A plan to transform the shuttered Fairway Market into a four-storey retail and apartment complex drew a roomful of curious residents Thursday night.
Marlowe-Yeoman Ltd., which has owned the 10th Avenue Plaza property for 50 years, proposes a 24-unit rental apartment building with four retail/commercial spaces at ground level.
A city amendment of the property’s general commercial zoning is an initial step to enable the redevelopment to proceed. The necessary bylaws have already received second reading by city council and a public hearing is scheduled for Monday, March 12, 5:30 p.m. in council chambers.
Architect Raymond de Beeld said the plan reflects a North American-wide trend that has shopping centres being repurposed in order to adapt to shifting commercial and retail market demands.
“There’s not a lot of demand for plazas,” he said. “It’s a tough business being in retail.”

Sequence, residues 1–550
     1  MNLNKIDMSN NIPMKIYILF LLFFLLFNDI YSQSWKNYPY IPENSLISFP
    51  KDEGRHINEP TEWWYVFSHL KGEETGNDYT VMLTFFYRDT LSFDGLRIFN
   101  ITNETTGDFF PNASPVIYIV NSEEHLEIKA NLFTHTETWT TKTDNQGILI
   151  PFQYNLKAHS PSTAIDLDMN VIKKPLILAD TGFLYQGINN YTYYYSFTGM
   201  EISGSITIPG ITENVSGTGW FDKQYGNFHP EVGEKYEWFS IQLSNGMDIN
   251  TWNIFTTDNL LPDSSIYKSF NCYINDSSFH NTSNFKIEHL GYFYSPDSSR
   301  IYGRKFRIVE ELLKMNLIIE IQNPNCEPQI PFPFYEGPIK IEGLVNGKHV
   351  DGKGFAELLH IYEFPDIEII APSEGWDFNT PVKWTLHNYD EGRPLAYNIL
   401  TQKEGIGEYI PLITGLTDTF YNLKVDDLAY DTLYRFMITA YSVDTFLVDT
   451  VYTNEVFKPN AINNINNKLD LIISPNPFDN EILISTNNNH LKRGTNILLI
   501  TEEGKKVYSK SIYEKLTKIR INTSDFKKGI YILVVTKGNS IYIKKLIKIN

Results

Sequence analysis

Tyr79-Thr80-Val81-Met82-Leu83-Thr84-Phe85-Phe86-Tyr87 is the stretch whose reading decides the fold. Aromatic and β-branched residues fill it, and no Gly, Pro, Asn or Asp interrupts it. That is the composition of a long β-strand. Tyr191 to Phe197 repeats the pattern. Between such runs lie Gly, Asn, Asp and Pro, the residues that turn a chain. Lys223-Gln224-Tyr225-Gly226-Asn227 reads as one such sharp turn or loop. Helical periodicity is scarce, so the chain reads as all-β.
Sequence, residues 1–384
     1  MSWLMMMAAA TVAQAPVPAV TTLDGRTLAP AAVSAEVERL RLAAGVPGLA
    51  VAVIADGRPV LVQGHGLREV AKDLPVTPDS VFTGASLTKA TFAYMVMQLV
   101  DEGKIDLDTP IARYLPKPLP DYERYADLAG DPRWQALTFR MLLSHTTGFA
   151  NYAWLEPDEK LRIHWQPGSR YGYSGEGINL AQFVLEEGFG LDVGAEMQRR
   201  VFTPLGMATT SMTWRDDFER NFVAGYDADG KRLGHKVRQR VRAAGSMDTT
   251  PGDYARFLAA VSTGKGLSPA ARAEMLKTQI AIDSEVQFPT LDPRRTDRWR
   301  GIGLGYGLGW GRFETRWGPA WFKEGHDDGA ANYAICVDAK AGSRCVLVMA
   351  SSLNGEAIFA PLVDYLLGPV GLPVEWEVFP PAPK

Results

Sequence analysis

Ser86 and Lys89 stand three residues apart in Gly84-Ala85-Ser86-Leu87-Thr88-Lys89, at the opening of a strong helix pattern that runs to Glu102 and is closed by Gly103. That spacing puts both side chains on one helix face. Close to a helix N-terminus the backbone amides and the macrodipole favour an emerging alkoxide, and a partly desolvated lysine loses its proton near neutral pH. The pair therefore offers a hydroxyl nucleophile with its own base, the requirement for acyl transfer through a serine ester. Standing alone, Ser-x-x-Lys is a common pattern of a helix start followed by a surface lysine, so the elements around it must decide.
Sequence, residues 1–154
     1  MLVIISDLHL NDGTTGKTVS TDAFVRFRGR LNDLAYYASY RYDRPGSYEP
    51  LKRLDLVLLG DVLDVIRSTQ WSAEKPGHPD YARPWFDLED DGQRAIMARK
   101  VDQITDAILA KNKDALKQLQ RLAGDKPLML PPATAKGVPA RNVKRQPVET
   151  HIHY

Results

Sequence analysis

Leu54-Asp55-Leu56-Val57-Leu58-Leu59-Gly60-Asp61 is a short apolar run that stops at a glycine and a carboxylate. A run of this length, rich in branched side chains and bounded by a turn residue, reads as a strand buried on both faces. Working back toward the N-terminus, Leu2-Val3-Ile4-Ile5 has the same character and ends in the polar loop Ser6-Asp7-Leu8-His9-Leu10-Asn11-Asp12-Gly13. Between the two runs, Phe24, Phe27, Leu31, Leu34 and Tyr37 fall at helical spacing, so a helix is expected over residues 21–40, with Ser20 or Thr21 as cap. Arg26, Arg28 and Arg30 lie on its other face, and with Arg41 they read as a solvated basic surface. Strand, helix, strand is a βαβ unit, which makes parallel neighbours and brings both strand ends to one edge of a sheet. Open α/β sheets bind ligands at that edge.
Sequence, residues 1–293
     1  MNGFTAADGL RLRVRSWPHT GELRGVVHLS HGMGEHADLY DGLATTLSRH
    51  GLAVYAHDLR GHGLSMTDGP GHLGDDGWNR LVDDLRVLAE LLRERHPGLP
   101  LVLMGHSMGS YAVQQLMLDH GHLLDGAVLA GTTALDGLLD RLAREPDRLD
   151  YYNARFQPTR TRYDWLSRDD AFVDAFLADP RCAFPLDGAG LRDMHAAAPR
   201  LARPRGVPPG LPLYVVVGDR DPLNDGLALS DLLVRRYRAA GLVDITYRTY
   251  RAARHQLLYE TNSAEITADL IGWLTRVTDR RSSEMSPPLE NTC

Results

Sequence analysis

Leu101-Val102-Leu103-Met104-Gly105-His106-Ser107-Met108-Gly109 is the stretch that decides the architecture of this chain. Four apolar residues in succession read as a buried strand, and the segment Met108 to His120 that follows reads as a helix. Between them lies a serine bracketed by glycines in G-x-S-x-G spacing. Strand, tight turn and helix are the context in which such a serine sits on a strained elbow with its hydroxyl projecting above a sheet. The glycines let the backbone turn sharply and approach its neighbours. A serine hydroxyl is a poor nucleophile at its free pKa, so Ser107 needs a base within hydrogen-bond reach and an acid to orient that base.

Fairway Market closed a year ago. Thursday’s meeting was held in the former premises of Serious Coffee, which closed recently as well. At the same time, there is growing demand for multi-family residential housing as the postwar boomers downsize from single family homes. The proposed one and two-bedroom units would range from 552 to 900 sq. ft.
“We thought it would be good to get the feedback,” said de Beeld, who also designed the Uchucklesaht Cultural Centre and Thunderbird Apartments on Argyle Street at Kingsway Avenue. “People are interested. Seniors are looking for other places to live.”
The project bears “good synergies,” as a catalyst to attract additional seniors’ services to the neighbourhood surrounding 10th Avenue and Redford, said Scott Smith, the city’s director of development services. It’s a neighbourhood that already offers a mix of services within walking distance as well as public transit connections, he noted.
Cameron Olma, who works for the property owners, said they hope to balance an over-supply in the commercial property market with community needs by achieving the highest and best use.
“It has to make sense, economic sense,” Olma said. “That’s the challenge. We want to develop a concept we can take into the future.”
If the rezoning proceeds, the redevelopment project is expected to take about 18 months to complete.